A recent turning point in state conflicts over abortion was the 2016 Supreme Court case Whole Woman's Health v. Hellerstedt, which struck down a Texas law that limited the kinds of doctors who work at abortion facilities and mandated that those clinics follow the same standards as ambulatory surgical centers. The court ruled that the law placed “an undue burden” on women’s right to an abortion.
The ruling has emboldened abortion activists who have pushed state laws — known as the Trust Women Act or Whole Women’s Health Act — that repeal existing pre-Roe protections for unborn children and their mothers, according to Ingrid Duran, the director of state legislation for the National Right to Life Committee.
“I think we’re going to see a lot of action in a lot of state legislatures,” Duran said.
In Nevada, a lawmaker has vowed to introduce a version of the Trust Women Act. Other states where pro-abortion groups could challenge pro-life laws, according to Duran, include: New York, Maryland, Virginia, Montana and Maine.
In New Mexico, Democratic lawmakers are expected to push an abortion-legalization law, according to Robert Godshall, a Republican state representative candidate from Albuquerque who narrowly lost his race last month. He noted that the Democrats who have taken office tend to be farther to the left than those of the past, meaning that they are more likely to be pro-abortion. “I really think that they will be successful,” Godshall said.
Even though the elections are over, Duran said, it is more important than ever that Catholics engage in upcoming legislative battles at the state level. “Catholics should definitely be involved with our state affiliate or their state Catholic conferences and figure out what legislation is moving,” Duran said. “I would encourage everyone to just find out what is going on in your state and be a voice. Be an advocate for the unborn.”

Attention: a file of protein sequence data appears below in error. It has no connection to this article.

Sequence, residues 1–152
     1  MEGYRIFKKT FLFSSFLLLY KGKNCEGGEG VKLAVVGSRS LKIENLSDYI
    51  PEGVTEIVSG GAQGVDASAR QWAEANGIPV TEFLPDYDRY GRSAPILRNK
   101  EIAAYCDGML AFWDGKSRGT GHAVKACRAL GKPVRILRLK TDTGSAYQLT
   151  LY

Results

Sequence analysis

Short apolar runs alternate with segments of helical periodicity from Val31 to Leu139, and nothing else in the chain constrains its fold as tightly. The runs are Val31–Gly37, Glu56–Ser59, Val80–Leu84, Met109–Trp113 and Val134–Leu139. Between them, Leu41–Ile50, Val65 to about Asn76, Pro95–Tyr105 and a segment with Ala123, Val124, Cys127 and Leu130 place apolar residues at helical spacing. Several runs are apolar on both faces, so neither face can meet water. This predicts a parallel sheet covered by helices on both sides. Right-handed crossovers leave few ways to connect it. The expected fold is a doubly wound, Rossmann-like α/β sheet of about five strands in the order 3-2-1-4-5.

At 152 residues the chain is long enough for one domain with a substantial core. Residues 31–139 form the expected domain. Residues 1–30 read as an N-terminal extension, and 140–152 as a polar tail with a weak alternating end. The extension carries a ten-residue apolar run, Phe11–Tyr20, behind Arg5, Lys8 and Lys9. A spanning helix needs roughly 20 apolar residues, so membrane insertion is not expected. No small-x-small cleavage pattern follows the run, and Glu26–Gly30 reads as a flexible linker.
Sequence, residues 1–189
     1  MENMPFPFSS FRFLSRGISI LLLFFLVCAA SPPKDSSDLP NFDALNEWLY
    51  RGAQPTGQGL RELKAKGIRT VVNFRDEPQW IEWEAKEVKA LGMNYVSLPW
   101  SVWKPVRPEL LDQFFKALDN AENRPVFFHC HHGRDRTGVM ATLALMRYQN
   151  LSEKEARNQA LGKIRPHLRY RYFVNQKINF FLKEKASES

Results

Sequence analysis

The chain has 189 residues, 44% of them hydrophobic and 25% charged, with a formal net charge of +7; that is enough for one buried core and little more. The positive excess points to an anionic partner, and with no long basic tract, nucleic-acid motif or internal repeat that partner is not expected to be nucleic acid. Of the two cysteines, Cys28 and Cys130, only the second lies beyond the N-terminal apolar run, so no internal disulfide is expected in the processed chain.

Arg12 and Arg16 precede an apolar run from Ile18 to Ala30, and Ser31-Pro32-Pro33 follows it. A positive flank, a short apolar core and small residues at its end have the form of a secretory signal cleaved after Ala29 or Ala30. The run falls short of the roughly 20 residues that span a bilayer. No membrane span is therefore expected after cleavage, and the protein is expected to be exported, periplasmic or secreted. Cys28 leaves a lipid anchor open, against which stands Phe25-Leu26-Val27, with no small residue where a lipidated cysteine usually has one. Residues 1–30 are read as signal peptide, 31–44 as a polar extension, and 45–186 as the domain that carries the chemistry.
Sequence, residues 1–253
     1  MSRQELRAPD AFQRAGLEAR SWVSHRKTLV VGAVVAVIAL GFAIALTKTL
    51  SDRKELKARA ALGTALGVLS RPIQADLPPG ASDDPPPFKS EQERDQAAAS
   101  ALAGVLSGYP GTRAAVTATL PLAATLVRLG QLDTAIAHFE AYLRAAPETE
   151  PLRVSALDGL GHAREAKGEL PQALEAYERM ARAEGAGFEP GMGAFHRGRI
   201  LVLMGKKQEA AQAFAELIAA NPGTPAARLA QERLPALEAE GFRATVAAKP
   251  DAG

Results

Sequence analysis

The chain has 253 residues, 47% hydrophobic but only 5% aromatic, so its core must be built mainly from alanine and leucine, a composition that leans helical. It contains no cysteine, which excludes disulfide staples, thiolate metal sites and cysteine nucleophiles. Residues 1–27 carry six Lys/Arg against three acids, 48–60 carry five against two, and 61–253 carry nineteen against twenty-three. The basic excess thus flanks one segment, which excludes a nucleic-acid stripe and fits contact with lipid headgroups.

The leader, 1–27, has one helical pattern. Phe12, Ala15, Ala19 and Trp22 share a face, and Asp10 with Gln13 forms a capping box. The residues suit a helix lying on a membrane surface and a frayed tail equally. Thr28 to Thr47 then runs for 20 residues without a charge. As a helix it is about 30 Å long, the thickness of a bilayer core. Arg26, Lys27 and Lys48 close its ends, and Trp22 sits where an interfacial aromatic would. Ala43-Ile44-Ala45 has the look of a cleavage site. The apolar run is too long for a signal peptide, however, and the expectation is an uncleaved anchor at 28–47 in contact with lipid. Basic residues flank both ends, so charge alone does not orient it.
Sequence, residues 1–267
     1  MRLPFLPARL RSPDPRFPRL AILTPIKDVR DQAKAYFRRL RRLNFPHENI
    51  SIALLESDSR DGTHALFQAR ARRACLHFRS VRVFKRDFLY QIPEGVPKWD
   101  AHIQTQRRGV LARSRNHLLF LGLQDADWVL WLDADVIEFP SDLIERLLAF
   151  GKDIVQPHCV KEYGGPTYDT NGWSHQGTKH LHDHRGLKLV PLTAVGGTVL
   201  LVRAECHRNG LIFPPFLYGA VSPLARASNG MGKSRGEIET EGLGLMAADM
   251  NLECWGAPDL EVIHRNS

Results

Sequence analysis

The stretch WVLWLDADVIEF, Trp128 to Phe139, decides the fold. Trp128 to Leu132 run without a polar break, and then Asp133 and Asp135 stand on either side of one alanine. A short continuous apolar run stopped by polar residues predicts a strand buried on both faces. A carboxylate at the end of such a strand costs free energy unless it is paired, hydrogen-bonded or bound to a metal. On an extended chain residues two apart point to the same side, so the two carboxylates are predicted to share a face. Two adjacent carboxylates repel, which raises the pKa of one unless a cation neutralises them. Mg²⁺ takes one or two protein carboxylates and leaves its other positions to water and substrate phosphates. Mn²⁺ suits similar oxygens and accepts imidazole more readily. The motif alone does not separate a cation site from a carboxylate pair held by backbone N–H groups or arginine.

As with adoption, divisions over sexual morality are leading to conflicts over counseling services. So far, 11 states, including California and Illinois, have passed so-called conversion-therapy bans, which the Alliance Defending Freedom says limits the freedom of church ministries and Christian counselors.
That movement, in turn, has led at least one state so far — Tennessee — to pass a law stating that counselors will not be required to pursue a goal or outcome that conflicts with their religious beliefs. “I think we can expect to see challenges to laws like that going forward,” Sharp said.
Another potential area of vulnerability is school choice. In Illinois, Gilligan worries that the Democratic-controlled state government may try to end the state’s new tax-credit scholarship program, which yielded about 3,100 scholarships worth $13.7 million in 112 of the Archdiocese of Chicago’s schools, according to the Chicago Catholic.
School choice also faces an uncertain future in two other states, according to Leva: Maine, which has vouchers, and Nevada, which has education savings accounts. Both Maine and Nevada are among the five states where Democrats seized control of state government in the last election.
Fiscal issues can also have moral ramifications. Budget shortfalls in Illinois could lead state policymakers to look for new revenue sources in unusual areas. One possibility is legalizing marijuana and taxing it, Gilligan warns. The Church has opposed legalization. Not only is it morally problematic, but it also doesn’t make sense in fiscal terms, according to Gilligan.
Looking for funding through marijuana legalization, he says, is “like spooning water out of Lake Michigan. It’s just a trickle.”
Stephen Beale writes from Providence, Rhode Island.